In the fall of 1984 I had a grant from the University of Delaware to do storymaking projects with faculty, returning adult students, undergraduates, graduates, and administrative units. Each group was formed by participants who signed up for the classes and workshops.
The faculty who chose to participate came from a variety of fields—business, science, arts, humanities, social sciences—and most did not know each other. All went well until the fifth and next to last, session.
With the ten of us sitting in a circle, I began telling a story about how the first storyteller came to be. Suddenly, nothing. I couldn’t remember what came next. Not a word. It was as if the story dropped into an abyss.
I was stunned. The group looked at me, waiting. Embarrassed, filled with shame, feeling terrible about myself as a storyteller and leader of the group, I had to admit I could no longer remember the story.
I expected at least some of them to react unsympathetically. There’d been a lot of initial skepticism about the value and power of stories and it had taken time for faculty members who didn’t know each other to trust that they could talk about their feelings and personal reactions to the stories we’d shared without being judged.
After what felt like a very long silence, while I was still trying to remember the story, judging myself harshly, a storyteller who couldn’t remember a story about how the first storyteller came to be, Marion, a business professor, spoke up. “Maybe your forgetting the story is a gift for us. We can tell our stories about how we’ve become storytellers. I’ll begin.” She talked about how she’d always read stories to her children, that when they asked her to make up a story, she could never think of anything to say. “Since I’ve been taking this workshop, I’ve learned to trust my imagination. I couldn’t make up stories for my kids but I can make them up for my grandchildren.”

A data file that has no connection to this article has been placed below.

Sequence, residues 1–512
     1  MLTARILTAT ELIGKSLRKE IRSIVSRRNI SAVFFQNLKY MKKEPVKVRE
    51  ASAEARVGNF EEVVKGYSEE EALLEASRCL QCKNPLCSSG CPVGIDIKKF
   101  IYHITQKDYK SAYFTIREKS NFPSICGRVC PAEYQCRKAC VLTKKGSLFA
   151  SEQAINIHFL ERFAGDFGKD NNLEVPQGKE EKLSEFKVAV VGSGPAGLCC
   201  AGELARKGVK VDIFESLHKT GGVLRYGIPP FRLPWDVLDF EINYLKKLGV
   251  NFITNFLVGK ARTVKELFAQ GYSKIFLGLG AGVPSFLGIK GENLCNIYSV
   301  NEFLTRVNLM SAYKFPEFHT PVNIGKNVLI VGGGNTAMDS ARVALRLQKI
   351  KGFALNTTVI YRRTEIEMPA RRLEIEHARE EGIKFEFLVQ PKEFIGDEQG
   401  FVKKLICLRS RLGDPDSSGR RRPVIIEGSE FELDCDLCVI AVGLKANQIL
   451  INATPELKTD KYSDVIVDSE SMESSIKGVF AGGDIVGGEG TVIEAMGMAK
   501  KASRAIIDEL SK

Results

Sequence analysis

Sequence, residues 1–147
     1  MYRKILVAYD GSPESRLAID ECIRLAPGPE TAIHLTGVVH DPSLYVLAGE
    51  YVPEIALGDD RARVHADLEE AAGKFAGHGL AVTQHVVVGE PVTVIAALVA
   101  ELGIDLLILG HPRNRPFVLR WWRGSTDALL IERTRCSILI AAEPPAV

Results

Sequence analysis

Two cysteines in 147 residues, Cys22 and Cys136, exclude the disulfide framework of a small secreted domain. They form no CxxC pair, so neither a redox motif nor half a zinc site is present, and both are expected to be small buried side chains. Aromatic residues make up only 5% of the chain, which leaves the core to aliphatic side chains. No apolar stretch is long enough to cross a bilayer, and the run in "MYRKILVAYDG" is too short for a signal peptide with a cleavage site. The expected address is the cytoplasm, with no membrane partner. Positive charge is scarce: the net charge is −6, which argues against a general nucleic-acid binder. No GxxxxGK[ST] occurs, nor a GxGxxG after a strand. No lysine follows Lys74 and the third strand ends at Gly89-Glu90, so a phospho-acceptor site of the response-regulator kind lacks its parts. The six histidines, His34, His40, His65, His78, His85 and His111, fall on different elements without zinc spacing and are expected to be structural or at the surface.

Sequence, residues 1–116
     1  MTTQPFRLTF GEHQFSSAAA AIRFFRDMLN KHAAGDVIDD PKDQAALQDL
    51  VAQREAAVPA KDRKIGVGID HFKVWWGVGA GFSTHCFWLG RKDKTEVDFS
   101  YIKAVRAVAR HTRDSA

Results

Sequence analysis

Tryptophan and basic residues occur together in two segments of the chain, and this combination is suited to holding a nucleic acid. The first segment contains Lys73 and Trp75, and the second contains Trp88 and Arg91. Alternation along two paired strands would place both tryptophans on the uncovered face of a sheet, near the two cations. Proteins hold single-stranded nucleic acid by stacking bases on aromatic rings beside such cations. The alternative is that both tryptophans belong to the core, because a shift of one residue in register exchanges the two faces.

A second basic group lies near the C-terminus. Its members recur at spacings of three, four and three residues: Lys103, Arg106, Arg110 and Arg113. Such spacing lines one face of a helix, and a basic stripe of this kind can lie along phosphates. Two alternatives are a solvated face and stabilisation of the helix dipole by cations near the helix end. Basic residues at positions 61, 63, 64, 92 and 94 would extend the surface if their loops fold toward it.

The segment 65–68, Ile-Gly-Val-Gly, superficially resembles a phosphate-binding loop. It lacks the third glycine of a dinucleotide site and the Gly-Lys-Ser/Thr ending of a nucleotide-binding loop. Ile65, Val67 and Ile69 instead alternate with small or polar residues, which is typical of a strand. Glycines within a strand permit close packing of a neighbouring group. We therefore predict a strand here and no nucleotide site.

I barely heard her. All I could think about was how I’d failed. How could I call myself a storyteller when I couldn’t remember the story I was telling and was too upset to even make up a new one. I thought Marion was being kind and waited for the judgment to begin, steeling myself for their disapproval.
Instead, one by one, participants talked about becoming storytellers, each in their own way. I still felt they were being compassionate rather than honest until the last person spoke. George, a chemistry professor, who’d found it difficult to talk about his feelings, said, “Maybe this is the wrong thing to say, but I’m glad you couldn’t remember the rest of the story. I even wonder if you did it on purpose, just to make us feel better.” I shook my head in astonishment that anyone would think I’d say I’d forgotten a story as a strategy. He continued. “You’re a terrific storyteller and you have an amazing ability to help us tell stories. Me, for instance. I only signed up for this group because Marty (a math professor) dared me to do it. I never thought for one moment it would be anything but misery.” We all laughed. “Boy! Was I wrong. I come in tired, feeling depleted, and I leave full of energy. You might not believe this but last night I told my daughter to name three things; I think she said ball, grass, and bird. I made a story from them. Imagine, me, a storyteller... Who would have thought it possible?”
Marty guffawed. “George, I didn’t think you had it in you. Miracles still happen.” George rolled his eyes.
Listening to how the workshop affected them filled me with gratitude and awe. Out of my failed memory came their stories and a new sense of themselves as storytellers.
What stories do you tell?
Nancy King is a widely published author and a professor emerita at the University of Delaware, where she has taught theater, drama, playwriting, creative writing, and multidisciplinary studies with an emphasis on world literature. She has published seven previous works of nonfiction and five novels. Her new memoir, Breaking the Silence, explores the power of stories in healing from trauma and abuse. Her career has emphasized the use of her own experience in being silenced to encourage students to find their voices and to express their thoughts, feelings, and experiences with authenticity, as a way to add meaning to their lives.